GENETICS Physiological responses of 3 chicken breeds to acute heat stress A. F. Soleimani,* I. Zulkifli,*†1 A. R. Omar,‡ and A. R. Raha§ *Department of Animal Science; †Institute of Tropical Agriculture; ‡Department of Veterinary Pathology and Microbiology; and §Department of Cell and Molecular Biology, Universiti Putra Malaysia, 43400 UPM Serdang, Selangor, Malaysia ABSTRACT Domestic animals have been modified by selecting individuals exhibiting desirable traits and culling the others. To investigate the alterations introduced by domestication and selective breeding in heat stress response, 2 experiments were conducted using Red Jungle Fowl (RJF), village fowl (VF), and commercial broilers (CB). In experiment 1, RJF, VF, and CB of a common chronological age (30 d old) were exposed to 36 ± 1°C for 3 h. In experiment 2, RJF, VF, and CB of common BW (930 ± 15 g) were subjected to similar procedures as in experiment 1. Heat treatment significantly increased body temperature, heterophil:lymphocyte ratio, and plasma corticosterone concentration in CB but not in VF and RJF. In both
experiments and irrespective of stage of heat treatment, RJF showed lower heterophil:lymphocyte ratio, higher plasma corticosterone concentration, and higher heat shock protein 70 expression than VF and CB. It can be concluded that selective breeding for phenotypic traits in the domestication process has resulted in alterations in the physiology of CB and concomitantly the ability to withstand high ambient temperature compared with RJF and VF. In other words, domestication and selective breeding are leading to individuals that are more susceptible to stress rather than resistant. It is also apparent that genetic differences in body size and age per se may not determine breed or strain variations in response to heat stress.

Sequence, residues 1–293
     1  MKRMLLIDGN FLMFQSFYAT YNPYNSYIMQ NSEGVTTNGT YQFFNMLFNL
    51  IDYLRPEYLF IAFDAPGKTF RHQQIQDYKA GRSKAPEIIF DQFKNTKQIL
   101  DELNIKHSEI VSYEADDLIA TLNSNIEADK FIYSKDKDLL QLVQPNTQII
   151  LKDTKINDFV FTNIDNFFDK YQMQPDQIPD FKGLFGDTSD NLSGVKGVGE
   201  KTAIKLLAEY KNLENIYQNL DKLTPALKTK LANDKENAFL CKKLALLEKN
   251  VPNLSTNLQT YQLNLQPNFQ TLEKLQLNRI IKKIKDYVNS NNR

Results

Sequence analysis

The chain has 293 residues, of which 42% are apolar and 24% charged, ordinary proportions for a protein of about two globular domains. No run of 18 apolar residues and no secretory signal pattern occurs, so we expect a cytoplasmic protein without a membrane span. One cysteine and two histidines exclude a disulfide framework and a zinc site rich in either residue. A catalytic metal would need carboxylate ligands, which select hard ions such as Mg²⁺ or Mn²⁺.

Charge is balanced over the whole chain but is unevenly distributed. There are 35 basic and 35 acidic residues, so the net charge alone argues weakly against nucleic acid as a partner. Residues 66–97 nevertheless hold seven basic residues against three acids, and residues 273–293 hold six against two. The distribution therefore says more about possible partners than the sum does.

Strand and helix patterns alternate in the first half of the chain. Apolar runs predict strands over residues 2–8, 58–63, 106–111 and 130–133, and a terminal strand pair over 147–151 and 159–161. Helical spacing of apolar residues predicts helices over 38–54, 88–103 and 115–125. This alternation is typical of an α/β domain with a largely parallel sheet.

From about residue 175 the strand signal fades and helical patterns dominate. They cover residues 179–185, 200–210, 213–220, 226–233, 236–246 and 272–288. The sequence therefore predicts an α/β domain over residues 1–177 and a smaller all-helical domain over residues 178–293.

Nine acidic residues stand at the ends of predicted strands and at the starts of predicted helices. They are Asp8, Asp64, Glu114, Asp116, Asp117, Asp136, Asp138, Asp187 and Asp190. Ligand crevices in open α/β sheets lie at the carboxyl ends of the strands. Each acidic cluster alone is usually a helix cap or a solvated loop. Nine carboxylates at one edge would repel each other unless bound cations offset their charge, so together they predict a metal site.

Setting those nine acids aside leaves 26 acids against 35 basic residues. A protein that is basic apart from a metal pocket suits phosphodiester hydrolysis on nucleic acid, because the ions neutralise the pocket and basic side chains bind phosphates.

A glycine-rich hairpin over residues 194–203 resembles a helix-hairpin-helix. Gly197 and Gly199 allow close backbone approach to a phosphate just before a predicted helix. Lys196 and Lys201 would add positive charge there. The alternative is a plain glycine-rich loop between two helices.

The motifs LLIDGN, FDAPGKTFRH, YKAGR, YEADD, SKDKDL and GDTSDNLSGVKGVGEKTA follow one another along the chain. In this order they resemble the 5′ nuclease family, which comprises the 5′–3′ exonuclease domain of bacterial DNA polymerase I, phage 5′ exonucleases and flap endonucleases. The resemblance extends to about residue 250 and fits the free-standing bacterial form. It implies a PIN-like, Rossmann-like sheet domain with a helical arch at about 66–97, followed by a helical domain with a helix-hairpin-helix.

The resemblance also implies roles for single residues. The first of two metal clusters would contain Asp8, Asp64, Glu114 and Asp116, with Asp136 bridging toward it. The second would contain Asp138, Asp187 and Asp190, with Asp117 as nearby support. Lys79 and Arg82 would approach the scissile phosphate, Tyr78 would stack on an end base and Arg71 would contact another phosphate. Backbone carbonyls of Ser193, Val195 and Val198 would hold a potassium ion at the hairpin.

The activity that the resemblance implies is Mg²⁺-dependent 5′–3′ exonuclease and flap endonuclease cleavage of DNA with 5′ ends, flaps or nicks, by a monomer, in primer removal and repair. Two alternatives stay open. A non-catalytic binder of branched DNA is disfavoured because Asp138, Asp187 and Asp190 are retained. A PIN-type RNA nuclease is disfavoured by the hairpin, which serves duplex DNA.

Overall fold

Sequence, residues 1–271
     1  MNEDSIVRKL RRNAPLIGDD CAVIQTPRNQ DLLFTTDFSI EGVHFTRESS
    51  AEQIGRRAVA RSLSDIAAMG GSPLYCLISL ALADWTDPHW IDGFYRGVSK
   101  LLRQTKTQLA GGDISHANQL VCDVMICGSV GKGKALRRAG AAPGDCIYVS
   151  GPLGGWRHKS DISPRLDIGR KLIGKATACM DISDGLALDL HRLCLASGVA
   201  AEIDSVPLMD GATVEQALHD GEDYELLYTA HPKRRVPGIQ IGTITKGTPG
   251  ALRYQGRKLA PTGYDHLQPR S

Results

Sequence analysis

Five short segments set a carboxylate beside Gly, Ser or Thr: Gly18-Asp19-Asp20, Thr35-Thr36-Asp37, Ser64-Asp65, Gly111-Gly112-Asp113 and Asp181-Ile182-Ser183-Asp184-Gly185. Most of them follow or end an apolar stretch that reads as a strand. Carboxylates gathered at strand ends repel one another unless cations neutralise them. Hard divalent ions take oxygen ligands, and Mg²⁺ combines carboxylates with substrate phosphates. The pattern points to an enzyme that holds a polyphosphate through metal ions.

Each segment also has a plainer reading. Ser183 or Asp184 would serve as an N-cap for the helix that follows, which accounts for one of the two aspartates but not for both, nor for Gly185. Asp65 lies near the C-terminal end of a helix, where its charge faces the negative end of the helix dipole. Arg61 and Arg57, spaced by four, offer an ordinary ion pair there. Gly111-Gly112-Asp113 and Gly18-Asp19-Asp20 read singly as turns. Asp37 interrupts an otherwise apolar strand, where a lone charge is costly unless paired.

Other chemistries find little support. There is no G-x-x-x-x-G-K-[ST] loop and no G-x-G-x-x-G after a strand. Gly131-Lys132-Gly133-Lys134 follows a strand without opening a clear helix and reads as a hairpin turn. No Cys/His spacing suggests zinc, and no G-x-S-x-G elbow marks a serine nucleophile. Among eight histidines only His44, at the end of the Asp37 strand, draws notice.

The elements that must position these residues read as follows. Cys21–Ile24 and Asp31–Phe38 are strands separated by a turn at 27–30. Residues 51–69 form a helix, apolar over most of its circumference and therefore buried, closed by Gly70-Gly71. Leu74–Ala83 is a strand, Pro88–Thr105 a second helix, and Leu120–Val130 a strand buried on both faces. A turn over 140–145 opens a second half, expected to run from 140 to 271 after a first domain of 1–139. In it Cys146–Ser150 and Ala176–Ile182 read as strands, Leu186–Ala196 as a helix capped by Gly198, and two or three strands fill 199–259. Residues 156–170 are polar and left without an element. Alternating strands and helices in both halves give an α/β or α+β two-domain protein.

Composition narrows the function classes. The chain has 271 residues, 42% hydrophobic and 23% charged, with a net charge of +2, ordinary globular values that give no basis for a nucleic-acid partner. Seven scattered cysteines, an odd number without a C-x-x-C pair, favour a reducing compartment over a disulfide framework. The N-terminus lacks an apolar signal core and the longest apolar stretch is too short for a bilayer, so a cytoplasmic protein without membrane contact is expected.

Key words: heat stress, Red Jungle Fowl, village fowl, broiler chicken, heat shock protein 2011 Poultry Science 90:1435–1440 doi:10.3382/ps.2011-01381
INTRODUCTION The most notable effect of domestication and selective breeding on physiology and behavior is reduced responsiveness to stress-evoking stimuli (i.e., environmental stress) as an adaptation to living in a biologically safe, predator-free environment (Korte et al., 2005). In pigs, considerable differences between wild and domesticated genotypes have been reported in plasma cortisol levels both in basal conditions and following stress, with the highest levels being found in wild boars (Weiler et al., 1998). The researchers concluded that the high growth potential of domesticated genotypes is mainly attributable to lower levels of circulating cortisol. Besides the complex physiological roles of glucocorticoids as primary mediators of allostasis and animal welfare (reviewed by McEwen and Wingfield, 2003; Korte et al., 2007), heat shock protein (Hsp) 70 is known to be an important modulator and indicator of the stress response. Ulmasov et al. (1992) showed that lizards inhabiting deserts are characterized by a higher expres©2011 Poultry Science Association Inc. Received January 25, 2011. Accepted March 19, 2011. 1 Corresponding author: [email protected]